From one edge to another

Edge networking should not be confused with edge computing, according to Kris Beevers, CEO at NS1

Edge is a much used but quite ill-defined term. At its origin, edge computing described the ability to move dynamic computation farther out to the edges of the internet—closer to users and machines that relied on that compute and processing power. But as the concept of edge has evolved, it has become quite complex, now encompassing all aspects of connectivity, which creates some confusion.

While edge computing focuses on placing processing closer to users, the concept of edge networking concerns routing data and network traffic in a more optimised way across distributed footprints. The outcome is the same—lower latency and greater resiliency, but edge networking is quickly gaining steam because it gives companies more control and allows them to use existing infrastructure. Understanding the difference between the two empowers IT teams to best identify, implement, and manage the infrastructure approach best suited for their needs.

The push for edge computing was driven by the need to improve application performance and optimise server resources, particularly in the age of IoT and 5G. The first to jump into the fray were telecom providers who already had the footprint necessary to support it. Adding micro data centres and working with cloud providers enabled these companies to bring processing from centralised on-prem or cloud data centres out to the edge.

But this came with challenges. Building applications that exist across a highly distributed footprint is different from building one that operates on 1-2 data centres. Few tools existed to make this scalable and repeatable. Over the last few years, containers have made edge more accessible. Many companies now run their workloads across globally distributed Kubernetes clusters—the nodes that run containerised applications—or across serverless functions inside service provider environments.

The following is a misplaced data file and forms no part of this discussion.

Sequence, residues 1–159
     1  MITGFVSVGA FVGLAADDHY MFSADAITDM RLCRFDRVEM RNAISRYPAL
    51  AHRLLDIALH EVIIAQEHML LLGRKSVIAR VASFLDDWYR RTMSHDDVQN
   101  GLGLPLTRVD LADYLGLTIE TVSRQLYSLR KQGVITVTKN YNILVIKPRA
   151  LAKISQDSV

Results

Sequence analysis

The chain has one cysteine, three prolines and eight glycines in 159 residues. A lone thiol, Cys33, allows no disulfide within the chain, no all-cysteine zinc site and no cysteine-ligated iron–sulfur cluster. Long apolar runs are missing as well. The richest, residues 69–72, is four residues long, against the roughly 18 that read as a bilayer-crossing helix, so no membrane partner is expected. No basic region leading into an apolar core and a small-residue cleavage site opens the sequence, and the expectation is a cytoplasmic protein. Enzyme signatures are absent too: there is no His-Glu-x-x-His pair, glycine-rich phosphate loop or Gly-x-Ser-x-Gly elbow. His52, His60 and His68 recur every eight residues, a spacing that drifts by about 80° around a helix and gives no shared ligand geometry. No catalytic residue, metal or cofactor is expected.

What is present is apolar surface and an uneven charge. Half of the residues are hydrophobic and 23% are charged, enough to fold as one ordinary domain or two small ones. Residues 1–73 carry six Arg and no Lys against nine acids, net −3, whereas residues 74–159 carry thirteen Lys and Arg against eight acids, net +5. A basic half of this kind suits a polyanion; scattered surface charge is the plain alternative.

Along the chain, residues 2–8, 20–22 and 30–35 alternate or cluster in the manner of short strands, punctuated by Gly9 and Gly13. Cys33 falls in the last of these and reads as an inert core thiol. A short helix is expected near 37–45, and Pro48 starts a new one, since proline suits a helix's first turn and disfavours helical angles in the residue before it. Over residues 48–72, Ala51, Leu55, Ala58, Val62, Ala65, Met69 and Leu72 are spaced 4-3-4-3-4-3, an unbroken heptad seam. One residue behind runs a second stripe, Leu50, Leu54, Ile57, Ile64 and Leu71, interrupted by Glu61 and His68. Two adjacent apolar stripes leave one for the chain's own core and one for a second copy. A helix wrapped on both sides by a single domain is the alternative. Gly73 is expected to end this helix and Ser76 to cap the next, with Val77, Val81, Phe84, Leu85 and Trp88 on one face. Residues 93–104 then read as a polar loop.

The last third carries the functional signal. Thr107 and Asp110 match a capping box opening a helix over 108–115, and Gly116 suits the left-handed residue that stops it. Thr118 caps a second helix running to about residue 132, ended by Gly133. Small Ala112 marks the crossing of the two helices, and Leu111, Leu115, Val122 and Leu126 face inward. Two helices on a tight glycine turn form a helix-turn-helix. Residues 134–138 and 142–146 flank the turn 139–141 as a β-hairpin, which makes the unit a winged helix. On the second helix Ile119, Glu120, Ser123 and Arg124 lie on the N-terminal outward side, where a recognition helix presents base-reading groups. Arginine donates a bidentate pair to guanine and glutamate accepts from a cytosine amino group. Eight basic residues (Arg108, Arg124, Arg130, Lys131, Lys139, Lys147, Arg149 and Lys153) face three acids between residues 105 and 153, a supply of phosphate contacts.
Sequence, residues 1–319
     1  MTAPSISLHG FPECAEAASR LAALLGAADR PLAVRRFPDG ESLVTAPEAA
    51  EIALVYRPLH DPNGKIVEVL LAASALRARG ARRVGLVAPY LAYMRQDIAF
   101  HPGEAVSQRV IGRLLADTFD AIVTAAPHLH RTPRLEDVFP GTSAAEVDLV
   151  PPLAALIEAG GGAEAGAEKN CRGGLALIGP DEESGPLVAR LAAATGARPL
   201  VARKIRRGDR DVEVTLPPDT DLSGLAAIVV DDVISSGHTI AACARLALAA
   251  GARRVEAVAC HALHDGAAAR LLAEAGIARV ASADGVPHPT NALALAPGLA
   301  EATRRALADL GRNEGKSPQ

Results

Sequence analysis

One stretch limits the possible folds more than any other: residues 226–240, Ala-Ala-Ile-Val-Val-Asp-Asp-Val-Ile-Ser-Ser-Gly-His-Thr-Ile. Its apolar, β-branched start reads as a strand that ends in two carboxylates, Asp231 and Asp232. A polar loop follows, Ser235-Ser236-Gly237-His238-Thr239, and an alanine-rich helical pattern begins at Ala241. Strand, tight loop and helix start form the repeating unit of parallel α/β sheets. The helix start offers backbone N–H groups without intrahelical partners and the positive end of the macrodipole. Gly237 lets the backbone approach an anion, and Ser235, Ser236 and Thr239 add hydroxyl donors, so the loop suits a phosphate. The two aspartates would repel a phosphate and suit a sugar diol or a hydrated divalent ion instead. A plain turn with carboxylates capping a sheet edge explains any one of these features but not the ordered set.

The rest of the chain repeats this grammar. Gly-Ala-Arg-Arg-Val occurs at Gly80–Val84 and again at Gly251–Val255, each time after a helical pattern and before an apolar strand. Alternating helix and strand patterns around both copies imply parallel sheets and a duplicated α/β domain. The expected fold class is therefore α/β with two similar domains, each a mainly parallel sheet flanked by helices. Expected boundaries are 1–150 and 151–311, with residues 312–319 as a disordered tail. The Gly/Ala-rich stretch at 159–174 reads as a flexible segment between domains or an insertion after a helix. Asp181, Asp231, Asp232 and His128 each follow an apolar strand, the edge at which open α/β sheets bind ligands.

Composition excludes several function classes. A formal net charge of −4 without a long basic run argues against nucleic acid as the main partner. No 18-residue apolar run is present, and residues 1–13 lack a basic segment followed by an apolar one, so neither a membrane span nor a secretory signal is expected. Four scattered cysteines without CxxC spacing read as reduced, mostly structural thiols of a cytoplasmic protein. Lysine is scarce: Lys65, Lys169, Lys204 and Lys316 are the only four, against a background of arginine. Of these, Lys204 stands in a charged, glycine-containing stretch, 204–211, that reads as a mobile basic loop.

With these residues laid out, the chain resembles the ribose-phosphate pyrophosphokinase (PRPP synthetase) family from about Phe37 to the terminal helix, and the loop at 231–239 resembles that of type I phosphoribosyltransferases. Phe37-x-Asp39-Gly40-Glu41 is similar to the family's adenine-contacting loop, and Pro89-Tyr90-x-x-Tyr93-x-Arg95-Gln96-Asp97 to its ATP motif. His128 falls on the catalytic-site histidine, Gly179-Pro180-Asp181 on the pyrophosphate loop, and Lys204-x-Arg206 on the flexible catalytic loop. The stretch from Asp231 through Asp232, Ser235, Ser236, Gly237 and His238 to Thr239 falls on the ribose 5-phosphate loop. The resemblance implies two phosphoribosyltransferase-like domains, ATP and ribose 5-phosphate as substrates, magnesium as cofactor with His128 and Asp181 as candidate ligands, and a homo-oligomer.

5G will be the ultimate example of edge computing. With full roll out, edge antennas could have so much power that companies can have duplicate services running on each of them. However the use cases for this remain few. Autonomous vehicles being one example where processing and traffic to and from the node must be lightning fast to avoid accidents.

For edge networking, the possible applications appear vast. For industries such as healthcare, the finely tuned latency advantages of an edge network enable medical diagnostic tools to work quickly to produce results, speeding up treatment and diagnosis; to allow healthcare IoT devices to generate and process vast volumes of data; and to support network speeds so doctors can engage remotely with patients without fear of internet interruptions or lag time.

In many cases, the industry leaders who have built their own “edge networks'' are prime examples of edge networking. Major content providers, such as Netflix, or collaboration companies like DropBox have edge networks supported by an omnicloud infrastructure, and a great deal of investment is made into intelligently orchestrating their application traffic and automating the lifecycles of the resources that support it. They can spin up and control capacity close to audiences to ensure consistent, superior user experiences. The shaving off of milliseconds and nanoseconds is also prompting gaming start-ups to raise tens of millions so they can build highly performant edge networks that use software-defined networking that intelligently steers traffic on a packet-by-packet basis.

While edge networking may have its roots in edge computing, it is difficult to ignore the differences in implementation and delivery. A solid understanding of both will benefit IT leaders as new trends, such as the need to support remote work, push businesses to consider improvements in connectivity for both employees and customers. Fortunately, investment in this space continues to grow, and innovation is strongly focused on new platforms that provide foundational services to enable IT teams to build and manage highly distributed, edge-enabled networks and applications.